• Infrastructure operation and finance are a politically charged diversification of investors, and participative sponsorship—business that needs to be balanced by clear positive and will foster better user–investor collaboration and easenegative incentives for improvement of accountability. Internal bottlenecks that are limiting private finance for infrastructure.processes designed for continuous improvement will help But political inertia and risk aversion will inhibit wholesalethe infrastructure operation adapt over time and increase its adoption of these techniques in many cities. Nevertheless, asaccountability to users and investors. Requiring the political part of their national urban road maps, governments shouldsponsor to take a direct financial stake in tradable guarantees build these measures into their plans for developing capitaland the residual risk of any debt would place government in a markets, for financing new infrastructure projects, and formore balanced position between user and investor needs. refinancing existing assets. They should invest resources on a carefully structured series of demonstration pilot projects toPhased development to overcome inhibitions prove the concepts and reduce risk perceptions.The measures outlined above extend and set a newdirection for current practice. The four pillars of sustainable Changes in local government financingfinance— bundling different risks, adaptive financial structure, City governments often indicate that they lack financial resources to provide appropriate services to their residents. In some cases, this gap results from a demand for unrealistically high standards of service. In others, it stems Reducing Risk: Potential Pilot Programs from the mismatch between functions and revenues at different levels of government. But rapid urban population Establishing a conduit collateralized debt obligation (CDO) growth will bring continually increasing demand for public that acquires much of the debt of several new and existing services while a sustained rise in incomes will build pressure infrastructure projects in a market and redistributes it through for these services to improve in quality. The revenues of structured notes is one way to reduce risk. By working with most urban local governments have not increased in line domestic and international banks, such a vehicle could be used with this demand because their revenue-raising authority is to develop structuring skills within domestic institutions. Some limited in many cases to relatively income-inelastic sources, of the project credit risk could be acquired through credit debt including property taxes, fees and fines, and transfers. Hence, swaps for each project in the pool, thus buying in first-loss risk strengthening the financial viability—notably the revenue base to enhance the balance sheets of the domestic banks exposed and expenditure controls of city authorities—is a priority. to each project. The conduit CDO could then distribute the riskiest portions to sophisticated investors who might have an While a national government response and reforms to tax- appetite for this risk, if priced correctly. If the original credits sharing arrangements are part of the solution, it should not are seriously mispriced, specific credit enhancement from be forgotten that one reason behind decentralization in Asian ADB or some other agency at the pool level or for some countries was the financial inability of national governments subordinated notes could facilitate the distribution. themselves to fund necessary infrastructure and services. The answer then clearly requires all to work as one—national Another option is to establish an equity investment trust governments, local governments, communities, and the (EIT) to acquire controlling equity interest in several different private sector—to reduce the resource gap. mature projects and to list it on a local stock exchange. For either the CDO suggested above or bonds issued by the EIT The difference between expenditure needs and the to further ramp up its portfolio, a basket-currency structure availability of resources can be addressed through reforms could be used in the notes to represent the markets in which in local government finance. This is best undertaken through the underlying infrastructure assets operate. This would a phased, focused approach over the medium term that reduce any currency mismatch that might otherwise arise from addresses change in a gradual manner. Early stages often a multimarket pool of assets. involve legal and regulatory changes that lead to clear functional responsibilities between levels of government and an appropriate framework for intergovernmental Source: ADB. 2007. Financing Background Paper, Managing Asian fiscal relations so that funding more realistically follows Cities Study. Manila. function. This would then be followed by improving financial management systems and capacity. More specifically, this176 Managing Asian Cities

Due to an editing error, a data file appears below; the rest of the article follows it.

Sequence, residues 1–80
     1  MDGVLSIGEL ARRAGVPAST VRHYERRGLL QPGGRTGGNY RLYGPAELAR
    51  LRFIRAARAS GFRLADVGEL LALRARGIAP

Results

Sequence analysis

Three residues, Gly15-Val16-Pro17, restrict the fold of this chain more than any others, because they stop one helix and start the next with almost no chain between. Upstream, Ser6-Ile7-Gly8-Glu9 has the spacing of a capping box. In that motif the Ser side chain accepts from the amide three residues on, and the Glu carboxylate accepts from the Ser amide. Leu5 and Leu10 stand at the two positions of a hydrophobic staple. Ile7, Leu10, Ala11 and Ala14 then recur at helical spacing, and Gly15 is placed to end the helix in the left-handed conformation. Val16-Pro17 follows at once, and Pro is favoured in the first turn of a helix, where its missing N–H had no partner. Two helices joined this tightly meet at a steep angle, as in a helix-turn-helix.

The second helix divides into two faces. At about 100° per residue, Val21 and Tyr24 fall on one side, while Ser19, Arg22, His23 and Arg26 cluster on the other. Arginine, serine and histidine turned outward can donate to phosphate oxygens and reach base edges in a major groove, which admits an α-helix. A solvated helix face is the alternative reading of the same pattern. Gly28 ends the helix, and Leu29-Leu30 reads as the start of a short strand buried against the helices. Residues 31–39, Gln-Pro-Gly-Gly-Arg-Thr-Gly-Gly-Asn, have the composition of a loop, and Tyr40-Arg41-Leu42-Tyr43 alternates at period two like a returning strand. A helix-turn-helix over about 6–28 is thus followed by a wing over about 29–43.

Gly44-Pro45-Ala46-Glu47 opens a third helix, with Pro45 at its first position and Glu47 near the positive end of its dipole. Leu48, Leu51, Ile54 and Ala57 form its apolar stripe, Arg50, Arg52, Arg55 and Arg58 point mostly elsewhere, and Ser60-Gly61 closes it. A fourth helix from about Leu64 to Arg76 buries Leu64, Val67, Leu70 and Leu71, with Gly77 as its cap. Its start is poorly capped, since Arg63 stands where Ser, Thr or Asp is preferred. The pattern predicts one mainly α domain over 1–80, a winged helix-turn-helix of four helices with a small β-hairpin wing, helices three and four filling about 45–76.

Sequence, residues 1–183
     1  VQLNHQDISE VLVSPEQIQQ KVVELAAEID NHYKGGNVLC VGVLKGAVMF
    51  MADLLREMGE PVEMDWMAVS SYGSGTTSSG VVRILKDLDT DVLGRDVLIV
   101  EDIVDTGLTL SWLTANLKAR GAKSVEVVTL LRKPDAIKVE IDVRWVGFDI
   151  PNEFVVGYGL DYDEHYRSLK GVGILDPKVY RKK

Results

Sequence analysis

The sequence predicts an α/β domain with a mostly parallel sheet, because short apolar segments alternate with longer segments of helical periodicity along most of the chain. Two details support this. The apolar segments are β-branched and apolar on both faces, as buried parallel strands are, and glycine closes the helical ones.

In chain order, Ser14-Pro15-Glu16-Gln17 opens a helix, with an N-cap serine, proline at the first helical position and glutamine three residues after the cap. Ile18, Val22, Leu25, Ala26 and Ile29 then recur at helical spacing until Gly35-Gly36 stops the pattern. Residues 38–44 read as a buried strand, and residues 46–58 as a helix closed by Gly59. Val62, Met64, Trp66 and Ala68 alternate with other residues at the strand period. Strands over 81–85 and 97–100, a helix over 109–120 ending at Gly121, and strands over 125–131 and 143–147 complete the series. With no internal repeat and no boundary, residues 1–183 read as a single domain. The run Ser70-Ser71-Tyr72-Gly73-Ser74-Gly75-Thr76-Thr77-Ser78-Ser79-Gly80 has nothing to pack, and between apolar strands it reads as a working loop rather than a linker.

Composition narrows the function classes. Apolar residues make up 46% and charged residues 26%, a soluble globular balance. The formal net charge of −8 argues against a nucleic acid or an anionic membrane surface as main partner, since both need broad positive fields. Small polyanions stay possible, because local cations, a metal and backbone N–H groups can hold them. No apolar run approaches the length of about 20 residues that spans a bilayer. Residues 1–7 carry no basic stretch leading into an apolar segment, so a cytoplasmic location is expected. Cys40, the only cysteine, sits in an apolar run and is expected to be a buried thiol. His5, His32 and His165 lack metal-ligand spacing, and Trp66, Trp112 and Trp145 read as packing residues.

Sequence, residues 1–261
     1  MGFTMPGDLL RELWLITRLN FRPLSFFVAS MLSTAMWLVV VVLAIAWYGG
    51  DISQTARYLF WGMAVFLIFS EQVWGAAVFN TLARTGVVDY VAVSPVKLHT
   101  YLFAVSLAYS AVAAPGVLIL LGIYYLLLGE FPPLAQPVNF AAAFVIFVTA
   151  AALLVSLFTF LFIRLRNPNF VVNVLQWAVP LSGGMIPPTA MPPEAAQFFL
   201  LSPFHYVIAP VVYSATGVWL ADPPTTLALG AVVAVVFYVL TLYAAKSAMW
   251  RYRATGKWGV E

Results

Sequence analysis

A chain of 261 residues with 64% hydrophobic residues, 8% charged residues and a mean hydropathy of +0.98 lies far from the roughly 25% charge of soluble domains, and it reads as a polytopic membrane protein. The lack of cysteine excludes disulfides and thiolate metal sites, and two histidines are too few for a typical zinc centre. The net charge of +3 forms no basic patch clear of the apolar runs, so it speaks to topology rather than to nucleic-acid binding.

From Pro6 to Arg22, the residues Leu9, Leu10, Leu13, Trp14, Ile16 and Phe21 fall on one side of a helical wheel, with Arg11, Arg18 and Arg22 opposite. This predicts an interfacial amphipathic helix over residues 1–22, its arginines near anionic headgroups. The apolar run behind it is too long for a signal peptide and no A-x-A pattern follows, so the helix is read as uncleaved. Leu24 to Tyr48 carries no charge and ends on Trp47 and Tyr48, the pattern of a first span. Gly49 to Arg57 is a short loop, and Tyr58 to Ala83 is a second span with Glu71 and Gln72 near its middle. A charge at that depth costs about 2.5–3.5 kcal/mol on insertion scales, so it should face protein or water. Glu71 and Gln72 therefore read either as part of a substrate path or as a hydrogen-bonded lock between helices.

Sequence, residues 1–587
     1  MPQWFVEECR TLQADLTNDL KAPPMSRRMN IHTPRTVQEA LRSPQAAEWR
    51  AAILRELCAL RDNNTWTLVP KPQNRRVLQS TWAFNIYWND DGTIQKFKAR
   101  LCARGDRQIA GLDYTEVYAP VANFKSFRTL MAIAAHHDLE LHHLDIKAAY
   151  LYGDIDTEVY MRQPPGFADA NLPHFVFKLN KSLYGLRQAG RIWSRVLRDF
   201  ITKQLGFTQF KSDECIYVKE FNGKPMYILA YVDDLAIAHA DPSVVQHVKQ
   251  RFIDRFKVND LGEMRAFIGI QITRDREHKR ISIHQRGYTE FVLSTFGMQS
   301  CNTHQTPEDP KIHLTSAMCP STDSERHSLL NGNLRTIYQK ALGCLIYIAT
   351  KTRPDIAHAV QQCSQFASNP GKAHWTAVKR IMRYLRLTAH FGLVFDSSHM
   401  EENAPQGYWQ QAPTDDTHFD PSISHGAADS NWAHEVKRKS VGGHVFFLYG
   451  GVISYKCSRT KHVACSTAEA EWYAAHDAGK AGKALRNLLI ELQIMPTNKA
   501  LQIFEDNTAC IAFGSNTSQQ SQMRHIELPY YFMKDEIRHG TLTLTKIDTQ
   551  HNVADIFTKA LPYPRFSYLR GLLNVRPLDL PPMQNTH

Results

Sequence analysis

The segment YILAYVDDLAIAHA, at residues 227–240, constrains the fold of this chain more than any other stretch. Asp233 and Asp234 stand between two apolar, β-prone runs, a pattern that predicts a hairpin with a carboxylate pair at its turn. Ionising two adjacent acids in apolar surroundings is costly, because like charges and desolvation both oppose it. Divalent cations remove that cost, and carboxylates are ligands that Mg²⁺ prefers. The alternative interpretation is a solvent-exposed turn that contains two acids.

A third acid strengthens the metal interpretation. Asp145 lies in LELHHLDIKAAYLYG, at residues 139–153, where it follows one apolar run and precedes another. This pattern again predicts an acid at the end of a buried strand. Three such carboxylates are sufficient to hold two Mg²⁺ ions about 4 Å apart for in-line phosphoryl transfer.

• involves policy actions that lead to expanding the financialresources available to local governments and encouragingtheir more efficient use. These actions should focus notonly on own-source revenues, local government borrowing,and intergovernmental transfers but also on reducing localexpenditures through improved productivity, revisions ofstandards, attracting community resources, and reducingresponsibilities that require local expenditure.Getting responsibilities and authorities rightClarity is essential in determining the expenditureresponsibilities of each level of government. A guide is theprinciple of subsidiary, which prescribes that services shouldbe provided by the lowest possible level of government. City governments also need a high degree of authority overIn practice, each public service should be provided by the the revenues they can raise and budgeted expenditures. Toolevel of government administering the minimum spatial area often, these are controlled by central governments.that would internalize the benefits and costs of its provision.The resources available to each level of government Improving local government financingshould reflect the costs of services that they are mandated The above means expanding not only a city’s own-sourceto provide. These can be provided by a combination of revenues but also the region’s. But the current policytax and revenue assignment such as sharing agreements, environment is not conducive to enabling local governmentsunconditional grants, transfers based on conditions to enhance own-source revenues. Local governments needor service standards, targeted subsidies for specific greater control over tax policy, including the setting of ratespurposes or projects, and the authority to borrow. Such and defining the tax base. Many also need to strengthenresources should be capable of being affirmed. the administration of their local tax systems and reduce high rates of noncompliance. A Framework for Local Government Revenues The figure on the next page shows that collection of property taxes by city governments can be low compared There are issues in many Asian cities over the assignment of with the revenue potential indicated by the tax base. For revenue responsibility between levels of government, which each tax, city governments must start with identifying the differ substantially. Bahl and Linn have suggested a basic potential resource base, its appropriate measurement, and framework to determine revenue sources for various purposes: subsequent valuation for tax purposes. After valuation, estimates need to be prepared based on the proportion of User charges for public goods and services that provide the value to be taxed, with the billing amount as the tax rate benefits to identifiable communities, such as water supply; applied to the value. Local taxes for goods and services to the general public such as administration, street lighting, policing, where The simplest way for local governments to improve revenues costs and benefits are difficult to identify among individual is to collect the arrears on current billings. Very often, major beneficiaries; debtors are agencies of government. Substantial revenue can Transfers for those services with spillover effects on other be raised by focusing on the major clients in arrears. jurisdictions such as education, health, and social security; and Too often government properties are exempt from tax. Borrowing for capital investment in physical infrastructure. Other public agencies are in arrears because of their refusal to pay tax. Local governments need to be sure that they Source: Bahl, Roy, and Johannes Linn. 1992. Urban Public Finance in Developing Countries. New York: Oxford University Press for The World actually bill for what is to be collected and follow up with Bank. rigorous enforcement of collections to ensure that arrears are containable. Increasing tax rates should occur only after these steps have been taken. Chapter 3 - Effective Financing Responses 177